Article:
Your elected political heroes are at it again. On June 24th, the Austin City Council voted to spend $100,000 of your tax dollars on a study to find how the city could afford to pay for a $1.3 Billion (that’s right, I said “Billion”) light rail service that would supplement the already-failing MetroRail that cost taxpayers $105 million. This new light rail service would run through East Austin, The University of Texas Campus, Downtown, down Riverside Drive, and over to Austin-Bergstrom International Airport.

Options available to pay for the new rail include a general obligation debt that would need to be approved in the 2012 elections and paid back with property tax increases, federal funding, fares to ride the trains, and even more property tax increases along areas where this rail would be implemented.

Downtown Austin circa 1910

Let’s take a closer look at how your tax dollars are being put to work on the current MetroRail system. In May 2010, average ridership for the MetroRail was 779 boardings per day, which is even less than the 901 boardings per day in April 2010. That is less than half of the estimated 2,000 boardings Cap Metro thought they would get from the rail service. The key phrase here is “boardings”. Generally, each passenger should board the train twice a day (once to go to their destination and again to return home). At an $8 Million operating cost for 400 passengers per day, it would cost almost $55 per passenger to maintain. And best of all, we don’t know if these are passengers who were otherwise already riding the bus!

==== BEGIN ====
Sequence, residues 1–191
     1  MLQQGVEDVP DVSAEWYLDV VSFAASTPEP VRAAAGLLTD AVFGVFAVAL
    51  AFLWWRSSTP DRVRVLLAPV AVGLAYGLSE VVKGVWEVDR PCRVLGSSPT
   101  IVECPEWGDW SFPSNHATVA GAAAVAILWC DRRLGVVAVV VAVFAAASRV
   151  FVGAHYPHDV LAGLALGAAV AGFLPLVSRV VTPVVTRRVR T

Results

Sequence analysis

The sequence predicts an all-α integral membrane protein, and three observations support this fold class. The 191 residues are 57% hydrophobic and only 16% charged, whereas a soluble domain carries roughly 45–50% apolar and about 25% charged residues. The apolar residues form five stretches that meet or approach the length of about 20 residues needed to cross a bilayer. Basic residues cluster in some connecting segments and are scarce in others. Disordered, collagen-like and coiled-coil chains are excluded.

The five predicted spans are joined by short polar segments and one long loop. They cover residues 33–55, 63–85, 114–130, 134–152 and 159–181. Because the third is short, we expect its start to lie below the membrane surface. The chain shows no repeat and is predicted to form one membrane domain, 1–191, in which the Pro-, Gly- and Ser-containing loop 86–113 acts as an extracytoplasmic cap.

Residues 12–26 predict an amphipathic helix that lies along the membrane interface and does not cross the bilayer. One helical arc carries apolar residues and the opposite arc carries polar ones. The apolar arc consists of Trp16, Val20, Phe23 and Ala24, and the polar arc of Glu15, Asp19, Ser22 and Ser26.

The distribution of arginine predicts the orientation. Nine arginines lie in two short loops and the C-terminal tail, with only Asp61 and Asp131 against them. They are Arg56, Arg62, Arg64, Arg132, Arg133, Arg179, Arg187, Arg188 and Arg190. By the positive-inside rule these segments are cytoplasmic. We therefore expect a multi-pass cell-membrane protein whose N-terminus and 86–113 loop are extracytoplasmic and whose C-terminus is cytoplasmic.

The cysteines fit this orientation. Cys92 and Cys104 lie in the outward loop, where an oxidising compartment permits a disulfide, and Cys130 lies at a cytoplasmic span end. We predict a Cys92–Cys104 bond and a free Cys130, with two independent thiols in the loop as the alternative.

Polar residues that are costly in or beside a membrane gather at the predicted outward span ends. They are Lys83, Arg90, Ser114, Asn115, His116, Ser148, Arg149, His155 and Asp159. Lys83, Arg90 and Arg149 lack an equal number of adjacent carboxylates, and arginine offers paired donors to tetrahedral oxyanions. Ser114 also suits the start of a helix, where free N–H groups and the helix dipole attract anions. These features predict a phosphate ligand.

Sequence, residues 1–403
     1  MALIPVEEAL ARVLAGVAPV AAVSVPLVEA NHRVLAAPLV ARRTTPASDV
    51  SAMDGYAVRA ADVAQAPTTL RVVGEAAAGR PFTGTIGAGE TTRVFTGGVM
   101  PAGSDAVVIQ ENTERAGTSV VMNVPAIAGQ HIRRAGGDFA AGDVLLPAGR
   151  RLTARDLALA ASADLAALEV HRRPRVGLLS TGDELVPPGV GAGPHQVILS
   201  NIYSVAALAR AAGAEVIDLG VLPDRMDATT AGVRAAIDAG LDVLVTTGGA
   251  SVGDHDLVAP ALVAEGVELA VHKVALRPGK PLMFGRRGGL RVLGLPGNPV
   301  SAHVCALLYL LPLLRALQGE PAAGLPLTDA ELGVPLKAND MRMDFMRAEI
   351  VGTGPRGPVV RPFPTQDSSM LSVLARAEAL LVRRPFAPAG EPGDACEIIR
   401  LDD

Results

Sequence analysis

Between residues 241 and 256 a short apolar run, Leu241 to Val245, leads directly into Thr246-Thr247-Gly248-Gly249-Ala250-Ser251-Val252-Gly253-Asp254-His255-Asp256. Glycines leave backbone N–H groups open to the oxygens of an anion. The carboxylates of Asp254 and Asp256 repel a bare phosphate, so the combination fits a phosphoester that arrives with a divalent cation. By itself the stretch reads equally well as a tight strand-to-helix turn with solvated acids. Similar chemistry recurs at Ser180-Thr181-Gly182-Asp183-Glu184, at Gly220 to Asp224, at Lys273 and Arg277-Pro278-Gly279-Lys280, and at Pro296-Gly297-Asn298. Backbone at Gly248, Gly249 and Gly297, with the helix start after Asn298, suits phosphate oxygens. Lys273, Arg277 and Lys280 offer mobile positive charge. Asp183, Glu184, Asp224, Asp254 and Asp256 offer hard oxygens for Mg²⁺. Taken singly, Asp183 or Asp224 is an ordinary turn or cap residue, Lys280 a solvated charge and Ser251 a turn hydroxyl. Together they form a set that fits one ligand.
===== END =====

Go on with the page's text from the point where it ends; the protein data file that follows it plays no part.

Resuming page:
The new light rail system that is being proposed right now would cost approximately $25 Million per year to operate. Cap Metro barely had enough money to keep MetroRail afloat after the 2009 fiscal year (they had $11 million of the recommended $27 million to have on hand). In the real world, you don’t improve your financial situation by committing to spending more. Should we expect it to be any different for them?

Throughout this, the Austin City Council fails to remember the early 1900’s when Austin had a similar system of trolley cars running through downtown. The reason why they failed is the same reason why the Cap Metro ‘Dillo system designed to imitate it failed: inefficiency and inconvenience. (The ‘Dillos were so bad that riders wouldn’t even utilize them for free!) As Winston Churchill famously said, “Those that fail to learn from history are doomed to repeat it.” As taxpayers, let’s not give them that option.

(image courtesy of

Dustin Matocha

Dustin Matocha is the CFO and COO of Texas Scorecard. Dustin graduated from the University of Texas at Austin with a BBA in Management, a BA in Government, and a minor in Marketing. He’s a self-described Corvette enthusiast, baseball purist, tech geek and growing connoisseur of local craft beer.


A Barn Burner Week For Texas Conservatives

Grassroots candidates are closing with positive messages while the moderates continue with numerous last minute attacks. The Texas GOP is also meeting this week to make some big decisions.